An Italian professor, who is also a director of a trades union, has taken into his care a total of seventeen Vietnamese refugees -- five adults and twelve children.
GV reporter being greeted at front door by Professor Agostino Mantovani and entering his house
CU child's cloak hanging on hook PULL OUT row of children's cloaks on wall
TRACKING SHOT room with Vietnamese children being taught by professor's wife
CU Vietnamese flag on wall PULL OUT TO older Vietnamese chatting to Professor and his wife
CU Vietnamese refugees (TWO SHOTS)
GV & SV Professor's wife taking children out of house and playing game (TWO SHOTS)
SV & CU refugees in kitchen preparing food (TWO SHOTS)
SV ZOOM INTO CU children singing at dining table
SV children and parents eating at table (TWO SHOTS)
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Background: An Italian professor, who is also a director of a trades union, has taken into his care a total of seventeen Vietnamese refugees -- five adults and twelve children.
SYNOPSIS: Professor Agostino Mantovani greets a visitor at his country home at Mantua in northern Italy. The professor is Director of the National Union of Agriculture in Brescia, and has the space here to accommodate the large group of newcomers.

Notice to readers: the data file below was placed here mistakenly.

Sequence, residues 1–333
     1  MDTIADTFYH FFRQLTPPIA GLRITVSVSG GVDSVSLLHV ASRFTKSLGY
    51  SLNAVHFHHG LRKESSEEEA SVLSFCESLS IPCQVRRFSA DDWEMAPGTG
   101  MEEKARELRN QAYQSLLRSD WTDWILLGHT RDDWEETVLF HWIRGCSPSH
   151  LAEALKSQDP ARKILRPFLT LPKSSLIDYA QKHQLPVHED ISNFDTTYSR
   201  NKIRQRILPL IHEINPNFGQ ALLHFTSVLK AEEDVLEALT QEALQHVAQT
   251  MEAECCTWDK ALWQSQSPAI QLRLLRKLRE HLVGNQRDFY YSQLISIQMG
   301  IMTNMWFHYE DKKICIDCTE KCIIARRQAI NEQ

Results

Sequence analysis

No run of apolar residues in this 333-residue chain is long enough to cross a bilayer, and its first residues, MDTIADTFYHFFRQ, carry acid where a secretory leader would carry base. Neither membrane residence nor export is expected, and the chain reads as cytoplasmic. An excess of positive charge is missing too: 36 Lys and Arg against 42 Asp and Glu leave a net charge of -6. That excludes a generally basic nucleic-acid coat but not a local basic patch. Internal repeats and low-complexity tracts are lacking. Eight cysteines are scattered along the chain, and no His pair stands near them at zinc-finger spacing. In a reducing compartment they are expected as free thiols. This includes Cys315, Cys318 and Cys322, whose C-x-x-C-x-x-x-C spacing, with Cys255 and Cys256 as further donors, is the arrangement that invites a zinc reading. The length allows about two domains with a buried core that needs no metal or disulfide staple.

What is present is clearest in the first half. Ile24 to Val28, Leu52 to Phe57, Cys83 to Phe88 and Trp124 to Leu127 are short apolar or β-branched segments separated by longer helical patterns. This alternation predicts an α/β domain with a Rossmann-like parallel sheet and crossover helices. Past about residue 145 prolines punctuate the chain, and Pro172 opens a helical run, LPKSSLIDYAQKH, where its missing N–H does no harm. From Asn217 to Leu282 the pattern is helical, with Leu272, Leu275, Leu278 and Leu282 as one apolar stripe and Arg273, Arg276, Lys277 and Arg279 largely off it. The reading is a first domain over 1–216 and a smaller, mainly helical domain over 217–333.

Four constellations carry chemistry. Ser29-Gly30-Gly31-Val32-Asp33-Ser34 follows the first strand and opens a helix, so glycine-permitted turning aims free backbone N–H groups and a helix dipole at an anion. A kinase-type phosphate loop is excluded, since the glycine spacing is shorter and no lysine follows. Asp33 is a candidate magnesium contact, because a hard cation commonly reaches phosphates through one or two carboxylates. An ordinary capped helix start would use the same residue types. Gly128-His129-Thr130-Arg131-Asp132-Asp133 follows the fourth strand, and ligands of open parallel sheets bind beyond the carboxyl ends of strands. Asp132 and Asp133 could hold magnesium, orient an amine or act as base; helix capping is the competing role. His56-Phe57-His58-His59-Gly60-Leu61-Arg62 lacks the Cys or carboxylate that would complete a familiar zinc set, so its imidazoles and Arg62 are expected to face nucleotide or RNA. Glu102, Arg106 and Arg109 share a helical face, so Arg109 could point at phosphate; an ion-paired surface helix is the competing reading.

His wife gives lessons to the children. Professor Mantovani says the children will be looked after like his own sons, working and studying as they did.
His new family consists of two mothers, who each have six children, and three of the mothers' parents. The children range in age from a one-year-old boy to a fourteen-year-old.
They join Kim, a Korean boy of eighteen, who has been living with the Mantovanis for several years. Before the professor took the Vietnamese into his home, they were living in a refugee camp at Latina, near Rome. From a cramped and regimented life, they have moved into an atmosphere of freedom and affection.
Already, they are learning that domestic life in a household of more than twenty people means sharing the chores.
Memories of the hard life they left behind them are revived when the children sing the national anthem of the country they have left forever -- South Vietnam. Professor Mantovani's gesture in accepting such a large responsibility was one of the first responses in Italy to the international call to help the Vietnamese refugees.